It's all in the tension. As tightrope walkers make their way across the rope, balancing delicately above a precipitous fall, it's the tension in the rope that enables the journey from one side to the other. Of course, another tension is crucial to the act. In watching the acrobat take one step then the next, we too are tense, hoping the feat is accomplished without incident. As the funambulist (yeah, look it up) finally steps on "solid" ground atop the small platform on the other side, we exhale. The tension makes the act.
Like tightrope walking, software development is in a state of perpetual tension. And much like the tightrope, the tension makes the act. Our "rope" is the constant demand from the world to have software do more and more. Our balance comes from our intuition and our innovation, both in the technologies we apply to help us write and manage more and more code as well as the innovation we receive from advances in hardware capabilities. But without the tension, we would not progress. The demand for new software to solve problems will always be at odds with our ability to produce the amount of software necessary to meet those demands.
Unfortunately, many software development projects run the risk of losing their balance. Last year, Intel fellow Shekhar Borkar said, "The software has to...start following Moore's Law. Software has to double the amount of parallelism that it can support every two years." For the last 60 years, we've relied on faster processors and more disk space to enable key technology innovations like the compiler, the IDE, source code management, continuous builds, and so on; now, rather than a blessing, "more speed" adds to the tension. Not only do we have to add more features, we must figure out how to make both existing and new applications work across an ever-increasing number of cores on a single box.
Compounding the tension, the market has also stepped up its demand for software. The pervasiveness of software cannot be ignoredit's not just about having software on every PC or the Web. It's about having software everywhere, from your cell phone to your car to your alarm clock and probably even in toasters (the things that make your breakfast and those pesky Cylons). This new level of pervasiveness means that whatever business you're in, you're probably also in the software business.
The question we face today is, "How can we maintain (or regain) our balance in walking the tightrope of software development?"
Because of the exploding complexity of software development, the demand for more software and the advances in hardware that require even more sophisticated applications, it's time for the software development world to respond with innovations that can restore a natural balance to our endeavors. But what will that innovation be? Well, I can't see into the future, but I think we can take a look at many of the new tool vendors out there to see the direction we are headed. The analyst community has already begun discussion around the concept of ALM 2.0, with the notion that ALM is not sufficient to the task. I agree with this sentiment. The smaller companies that are innovating to fill in this ALM 2.0 picture (like Coverity, the company I work for) all have one thing in common. Each one of us is fundamentally digging deeper and deeper into the inner workings of the entire software system, including the source codehow it's designed, assembled, tested, and released. Some of us are looking for defects and vulnerabilities with sophisticated analysis of the source itself and the runtime of the resulting system. Some of us are enabling productivity through better understanding of build systems. Others are enhancing the way we test by analyzing the code to automatically generate tests or developing ways to instrument binary code to make it more hacker-proof.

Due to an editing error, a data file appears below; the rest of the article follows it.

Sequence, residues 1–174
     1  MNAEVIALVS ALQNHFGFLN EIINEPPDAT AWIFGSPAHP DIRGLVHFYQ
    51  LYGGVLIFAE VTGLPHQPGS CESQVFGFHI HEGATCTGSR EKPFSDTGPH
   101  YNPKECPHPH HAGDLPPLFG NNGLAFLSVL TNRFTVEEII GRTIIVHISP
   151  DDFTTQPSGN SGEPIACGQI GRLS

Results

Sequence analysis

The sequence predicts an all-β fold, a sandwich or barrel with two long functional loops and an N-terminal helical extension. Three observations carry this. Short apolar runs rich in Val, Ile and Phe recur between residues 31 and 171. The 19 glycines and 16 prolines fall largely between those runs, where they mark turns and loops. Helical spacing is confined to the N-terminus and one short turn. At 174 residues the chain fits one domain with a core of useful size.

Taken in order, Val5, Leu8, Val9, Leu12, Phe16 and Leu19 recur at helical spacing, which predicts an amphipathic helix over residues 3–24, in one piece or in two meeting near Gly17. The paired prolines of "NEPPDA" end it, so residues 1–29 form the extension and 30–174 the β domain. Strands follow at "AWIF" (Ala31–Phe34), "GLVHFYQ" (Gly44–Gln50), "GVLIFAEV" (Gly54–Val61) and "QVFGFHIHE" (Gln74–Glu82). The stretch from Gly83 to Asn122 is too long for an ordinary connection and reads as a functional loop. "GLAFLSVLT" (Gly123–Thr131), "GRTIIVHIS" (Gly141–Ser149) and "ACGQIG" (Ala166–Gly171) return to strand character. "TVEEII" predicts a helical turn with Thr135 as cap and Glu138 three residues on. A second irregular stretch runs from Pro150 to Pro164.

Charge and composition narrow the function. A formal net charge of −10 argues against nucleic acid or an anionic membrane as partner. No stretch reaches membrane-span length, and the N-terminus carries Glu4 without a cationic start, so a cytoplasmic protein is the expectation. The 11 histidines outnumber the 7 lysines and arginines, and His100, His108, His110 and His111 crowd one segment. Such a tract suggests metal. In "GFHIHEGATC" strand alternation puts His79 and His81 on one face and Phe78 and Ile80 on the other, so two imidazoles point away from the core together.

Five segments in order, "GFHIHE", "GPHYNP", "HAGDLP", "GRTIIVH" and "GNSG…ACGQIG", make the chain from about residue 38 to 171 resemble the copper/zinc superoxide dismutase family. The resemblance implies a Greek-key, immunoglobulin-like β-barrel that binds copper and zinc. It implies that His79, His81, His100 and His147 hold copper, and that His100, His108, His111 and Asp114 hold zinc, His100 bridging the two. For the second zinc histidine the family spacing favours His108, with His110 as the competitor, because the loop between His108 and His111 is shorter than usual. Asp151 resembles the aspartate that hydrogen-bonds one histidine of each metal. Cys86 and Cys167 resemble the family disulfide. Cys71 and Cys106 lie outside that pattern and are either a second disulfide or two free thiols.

The common thread to all of these next-generation tools is the deeper dive into the software system. The innovation that will help us regain our balance as developers is not just in this deeper dive, but in treating the entire software system holistically. It won't be sufficient to just analyze the source, or the assembly process, or the tests that exercise the software. We'll control the tension with technologies that are not just process oriented (like the current ALM suite), but with tools that fundamentally understand and communicate what's happening in a software system at various stages of development. This will enable us to optimize our coding and testing to improve software quality, as well as the productivity of every developer. After that, the crowds will cheer as we reach our platform, ready for the next development challenge to present itself.